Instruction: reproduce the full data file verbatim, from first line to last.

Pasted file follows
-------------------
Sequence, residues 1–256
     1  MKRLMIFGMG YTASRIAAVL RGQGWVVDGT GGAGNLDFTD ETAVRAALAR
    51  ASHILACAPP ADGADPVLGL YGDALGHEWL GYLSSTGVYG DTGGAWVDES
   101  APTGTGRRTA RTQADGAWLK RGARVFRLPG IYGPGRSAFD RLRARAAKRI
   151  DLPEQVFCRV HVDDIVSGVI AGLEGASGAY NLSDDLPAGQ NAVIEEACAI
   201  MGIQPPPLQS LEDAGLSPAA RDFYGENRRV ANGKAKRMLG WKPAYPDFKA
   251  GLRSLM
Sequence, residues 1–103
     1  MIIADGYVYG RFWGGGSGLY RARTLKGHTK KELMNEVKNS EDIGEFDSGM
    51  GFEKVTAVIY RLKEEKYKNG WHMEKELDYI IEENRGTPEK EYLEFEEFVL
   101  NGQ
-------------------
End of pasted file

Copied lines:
Sequence, residues 1–256
     1  MKRLMIFGMG YTASRIAAVL RGQGWVVDGT GGAGNLDFTD ETAVRAALAR
    51  ASHILACAPP ADGADPVLGL YGDALGHEWL GYLSSTGVYG DTGGAWVDES
   101  APTGTGRRTA RTQADGAWLK RGARVFRLPG IYGPGRSAFD RLRARAAKRI
   151  DLPEQVFCRV HVDDIVSGVI AGLEGASGAY NLSDDLPAGQ NAVIEEACAI
   201  MGIQPPPLQS LEDAGLSPAA RDFYGENRRV ANGKAKRMLG WKPAYPDFKA
   251  GLRSLM
Sequence, residues 1–103
     1  MIIADGYVYG RFWGGGSGLY RARTLKGHTK KELMNEVKNS EDIGEFDSGM
    51  GFEKVTAVIY RLKEEKYKNG WHMEKELDYI IEENRGTPEK EYLEFEEFVL
   101  NGQ